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Airlines, EU governments lock horns over continued no-fly rules
Airlines have slammed EU governments over strict no-fly rules and delays in re-opening airspace closed by the volcanic ash cloud. The travel chaos is costing airlines an estimated $250 million a day.
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AFP - Airlines urged governments to reopen routes through the volcanic ash cloud over Europe on Monday, branding the flight ban a "European mess" and the economic fallout "greater than September 11".
"Risk assessment should be able to help us reopen certain corridors, if not the entire airspace," said Giovanni Bisignani, head of the International Air Transport Association (IATA), after airlines carried out test flights.
"We are far enough into this crisis to express our dissatisfaction at how governments have managed the crisis," he told aviation reporters in Paris.
"It took five days to organise a conference call with the ministers of transport," he said, adding later in an interview with BBC radio: "This is a European embarrassment and it's a European mess."
Bisignani, whose body represents the global airline industry, said it would take between three and six days for services to return to normal once governments lift the flight bans imposed over the past five days.
Companies are losing 200 million euros (270 million dollars) per day, he added. Air France-KLM said that it alone was losing 35 million euros per day, British Airways 17 to 26 million and Scandinavia's SAS five to nine milllion.
The Spanish presidency of the European Union is planning a video conference of member states' transport ministers later on GMT Monday.
Laurent Magnin, chairman and managing director of French firm XL Airways, wrote to passengers to apologise for what he said was avoidable chaos caused by official confusion.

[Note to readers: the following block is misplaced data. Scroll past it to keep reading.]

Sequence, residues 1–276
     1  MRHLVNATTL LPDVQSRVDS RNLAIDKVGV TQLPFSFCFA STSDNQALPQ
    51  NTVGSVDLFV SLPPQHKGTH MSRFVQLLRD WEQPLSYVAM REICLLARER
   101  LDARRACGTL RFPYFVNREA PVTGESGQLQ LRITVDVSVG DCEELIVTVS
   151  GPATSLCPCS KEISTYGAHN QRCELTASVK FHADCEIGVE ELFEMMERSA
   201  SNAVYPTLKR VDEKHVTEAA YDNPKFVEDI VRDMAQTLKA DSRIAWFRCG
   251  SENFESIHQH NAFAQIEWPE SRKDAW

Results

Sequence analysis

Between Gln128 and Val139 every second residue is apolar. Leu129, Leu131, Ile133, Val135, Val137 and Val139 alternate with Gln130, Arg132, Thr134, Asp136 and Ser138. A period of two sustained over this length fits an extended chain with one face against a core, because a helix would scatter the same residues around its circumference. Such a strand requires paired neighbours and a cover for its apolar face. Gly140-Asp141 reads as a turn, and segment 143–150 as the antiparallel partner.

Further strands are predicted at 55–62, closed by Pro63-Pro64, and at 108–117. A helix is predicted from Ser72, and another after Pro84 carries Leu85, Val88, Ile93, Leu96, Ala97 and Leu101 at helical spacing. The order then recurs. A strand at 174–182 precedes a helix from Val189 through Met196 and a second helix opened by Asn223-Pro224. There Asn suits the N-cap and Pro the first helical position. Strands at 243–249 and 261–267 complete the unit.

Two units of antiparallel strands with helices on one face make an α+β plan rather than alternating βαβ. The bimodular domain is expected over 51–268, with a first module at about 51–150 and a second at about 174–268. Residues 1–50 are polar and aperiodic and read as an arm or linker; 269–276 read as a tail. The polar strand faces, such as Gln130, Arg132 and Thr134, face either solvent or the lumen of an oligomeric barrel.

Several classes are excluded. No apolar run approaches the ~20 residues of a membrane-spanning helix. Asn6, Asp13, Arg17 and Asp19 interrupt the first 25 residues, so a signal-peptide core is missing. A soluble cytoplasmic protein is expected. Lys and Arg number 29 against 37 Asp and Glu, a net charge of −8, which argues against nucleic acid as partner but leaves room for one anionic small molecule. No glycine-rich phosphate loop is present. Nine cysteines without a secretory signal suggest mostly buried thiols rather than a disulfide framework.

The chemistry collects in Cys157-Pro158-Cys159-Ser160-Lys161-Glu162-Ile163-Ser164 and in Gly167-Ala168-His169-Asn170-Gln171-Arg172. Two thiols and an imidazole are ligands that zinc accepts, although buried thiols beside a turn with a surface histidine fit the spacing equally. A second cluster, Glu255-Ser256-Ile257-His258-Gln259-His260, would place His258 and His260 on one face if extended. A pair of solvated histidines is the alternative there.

"Orders and counter-orders are falling on us by the shovel load, forcing us to call you to come in and present yourself for departure at airports that are then suddenly shut down," he said, in a message on his airline's website.
"Our staff have been working for several days to try to find answers, but we're forced to admit that the near total blockage of European airspace has left all our efforts at naught."
Over the weekend several European airlines successfully staged test flights through parts of the ash trail blowing from Iceland, leading some to question whether the current flight bans are necessary.
Hundreds of thousands of passengers are stranded in airports around the world and airlines are losing tens of millions of dollars. Bisignani declared: "The scale of this crisis is now greater than September 11."
Attacks on New York and Washington by Al-Qaeda using hijacked planes on September 11, 2001, triggered a crisis of confidence in the airline industry that had longstanding economic consequences.
European air traffic officials have designated much of the continent a virtual no-fly zone for a fifth straight day after ash from a volcano in Iceland drifted south and east.
Authorities fear that the ash and dust could pose a danger to jet engines and airliner airframes, but several companies carried out test flights over the weekend without reporting any damage to their planes.
Some countries have begun lifting restrictions at some airports, or at some altitudes, but the main western European hubs were still blocked and expected to remain so for at least the rest of Monday and into Tuesday morning.
French transport minister Dominique Bussereau said "you can never take too many precautions", insisting authorities were working as quickly as possible but that advice from experts about the risks "was not very pleasant".
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